THE Civil Aeronautics Board (CAB) has lifted the moratorium on charter flights to Kalibo and Caticlan, both gateways to the Philippines’s so-called crown jewel of tourism, Boracay Island.
The lifting comes after local tourism stakeholders pressed the Department of Tourism (DOT), whose secretary sits as CAB vice chairman, to undo the moratorium, counting billions of pesos in losses from booking cancellations in hotels in Boracay.
In a news statement sent to the BusinessMirror by CAB Executive Director Carmelo L. Arcilla, the agency also allowed carriers with scheduled flights to Kalibo and Caticlan to maintain their schedules for the rest of the Iata (International Air Transport Association) Summer Season, “but are restricted, however, from mounting additional flights.”
Also, all air operators to these two cities “will not be allowed to use aircraft with more than a 200-seat capacity.” The CAB resolution lifting the moratorium, effective immediately, was signed after a special board meeting on July 15, 2019.
Christine Ann U. Ibarreta, president of the Hotel Sales and Marketing Association Inc., welcomed CAB’s decision lifting the moratorium: “We thank the DOT and CAB for listening to our side. Due to our constant dialogues, they came to appreciate our position and intention to grow the tourism industry. We hope for a more open and consultative process with relevant government agencies in the future.”
Asked if the hotels would be able to get back their guests, she said, “we hope that our business partners [wholesalers] are still willing to gamble and rebook their guests.”
Ibarreta earlier disclosed hotels and resorts in Boracay were projected to lose at least P2.21 billion from the sudden cancellation of bookings brought on by the CAB suspension of new and additional charter flights to Kalibo and Caticlan issued on June 19. The losses covered three months from July to September, considered the lean season on the island.(See, “Charter flights halt costs Boracay resorts P2 billion,” in the BusinessMirror, June 27, 2019.)
Local stakeholders have yet to recover from the six-month closure of Boracay last year. About P30 billion in visitor receipts were estimated to have been lost from the closure.
Meanwhile, the CAB instructed carriers intending to mount new and additional charter flights to the Kalibo and Caticlan airports, to file their charter applications “at least 30 days before the intended date of operation, and the scheduling of operations on less congested days of the week as determined by the CAB.”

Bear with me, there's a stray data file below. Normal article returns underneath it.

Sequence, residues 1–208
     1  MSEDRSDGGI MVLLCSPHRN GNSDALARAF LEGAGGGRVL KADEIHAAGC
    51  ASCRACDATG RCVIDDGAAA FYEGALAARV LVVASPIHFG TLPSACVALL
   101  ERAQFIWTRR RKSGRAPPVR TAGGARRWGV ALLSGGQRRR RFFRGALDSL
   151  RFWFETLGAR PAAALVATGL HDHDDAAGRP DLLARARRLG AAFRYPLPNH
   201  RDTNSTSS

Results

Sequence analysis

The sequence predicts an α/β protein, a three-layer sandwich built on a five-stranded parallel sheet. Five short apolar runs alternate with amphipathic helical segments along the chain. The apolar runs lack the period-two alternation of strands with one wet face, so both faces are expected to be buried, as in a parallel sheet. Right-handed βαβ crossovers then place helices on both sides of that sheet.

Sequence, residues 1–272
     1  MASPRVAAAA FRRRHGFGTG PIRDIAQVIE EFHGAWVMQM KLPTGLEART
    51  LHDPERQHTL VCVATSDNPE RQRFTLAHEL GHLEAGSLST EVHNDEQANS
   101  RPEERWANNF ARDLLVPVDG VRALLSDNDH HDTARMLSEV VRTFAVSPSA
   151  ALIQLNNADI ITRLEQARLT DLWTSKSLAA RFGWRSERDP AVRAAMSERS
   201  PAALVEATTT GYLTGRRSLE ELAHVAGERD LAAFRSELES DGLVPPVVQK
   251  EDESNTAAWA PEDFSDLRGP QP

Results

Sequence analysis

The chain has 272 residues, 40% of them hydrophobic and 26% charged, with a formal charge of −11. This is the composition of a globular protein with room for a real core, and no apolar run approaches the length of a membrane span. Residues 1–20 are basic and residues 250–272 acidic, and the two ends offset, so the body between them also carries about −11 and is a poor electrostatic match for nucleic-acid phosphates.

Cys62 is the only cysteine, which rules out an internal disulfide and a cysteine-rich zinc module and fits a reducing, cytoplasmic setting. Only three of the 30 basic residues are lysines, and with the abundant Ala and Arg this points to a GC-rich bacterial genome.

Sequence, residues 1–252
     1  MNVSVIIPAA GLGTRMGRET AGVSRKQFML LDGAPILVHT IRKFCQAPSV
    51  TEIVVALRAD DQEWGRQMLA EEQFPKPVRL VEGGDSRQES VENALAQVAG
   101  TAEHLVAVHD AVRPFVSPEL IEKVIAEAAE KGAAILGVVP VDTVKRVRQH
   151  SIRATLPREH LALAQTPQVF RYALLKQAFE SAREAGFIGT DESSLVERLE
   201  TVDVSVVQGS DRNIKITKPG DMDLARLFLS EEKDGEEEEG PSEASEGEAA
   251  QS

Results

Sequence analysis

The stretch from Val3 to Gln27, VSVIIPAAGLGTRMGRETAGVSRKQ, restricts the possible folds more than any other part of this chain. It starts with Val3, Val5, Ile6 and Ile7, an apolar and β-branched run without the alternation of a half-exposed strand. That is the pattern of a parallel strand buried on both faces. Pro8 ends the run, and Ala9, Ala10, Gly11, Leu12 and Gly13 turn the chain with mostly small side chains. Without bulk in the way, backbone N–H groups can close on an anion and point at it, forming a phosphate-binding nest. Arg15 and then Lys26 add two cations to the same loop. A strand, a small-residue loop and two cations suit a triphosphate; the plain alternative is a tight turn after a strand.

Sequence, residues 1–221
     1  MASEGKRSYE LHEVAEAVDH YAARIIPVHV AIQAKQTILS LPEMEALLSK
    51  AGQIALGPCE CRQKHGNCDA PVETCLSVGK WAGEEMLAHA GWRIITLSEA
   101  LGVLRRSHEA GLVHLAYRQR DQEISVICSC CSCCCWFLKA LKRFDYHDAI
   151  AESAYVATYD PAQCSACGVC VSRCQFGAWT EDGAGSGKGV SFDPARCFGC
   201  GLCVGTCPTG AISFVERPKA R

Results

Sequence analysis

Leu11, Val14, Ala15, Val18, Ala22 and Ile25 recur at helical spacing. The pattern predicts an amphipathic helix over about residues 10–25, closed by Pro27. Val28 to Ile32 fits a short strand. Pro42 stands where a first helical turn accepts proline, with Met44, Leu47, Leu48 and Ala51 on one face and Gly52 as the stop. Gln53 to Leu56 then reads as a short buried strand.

The board stressed that it will continue to monitor the impact of the commercial air operations in these two airports on the carrying capacity of Boracay, to be able to review and adjust its guidelines as needed.
Last year, the Department of Environment and Natural Resources determined that the popular resort island of Boracay can only accommodate 19,215 tourists a day, at any given time, or 6,405 arrivals a day based on an average three-day stay.
Previous instances when tourist arrivals in Boracay exceeded 6,405 a day were not considered a violation by the DOT, as officials explained, the departures on the island on those days kept the carrying capacity within the 19,215 level. (See, “Boracay stakeholders fret over ‘breaching’ of daily arrivals cap,” in the BusinessMirror, December 17, 2018.)
The CAB noted that an average of more than 7,000 tourists arrived on Boracay a day in April and May, and took to mean that breached the island’s daily carrying capacity. This was the reason it suspended new and additional charter flights to Kalibo and Boracay, and ordered scheduled carriers to review their flight numbers for a possible scaleback.
“But in view of June arrivals data and trends in past years, the CAB has determined that there is no reason to maintain the current flight restrictions,” the board stressed in its news statement.
According to data from the Malay Tourism Office cited by the CAB, tourists in Boracay dropped to 189,444 in June 2019, from 222,330 in April and 221,138 in May. This translates to an average of 6,314 daily arrivals.
“The annual trend in 2015-2017 suggests that this number may still go down, bottoming out in September, consistently the month with least visitor numbers [an average of 44 percent from April peaks]. This year, that can mean only around 4,200 tourists per day, irrespective of the mode of transportation taken. The tourist arrivals then recover until December, but only top off at 76 percent of the April average.”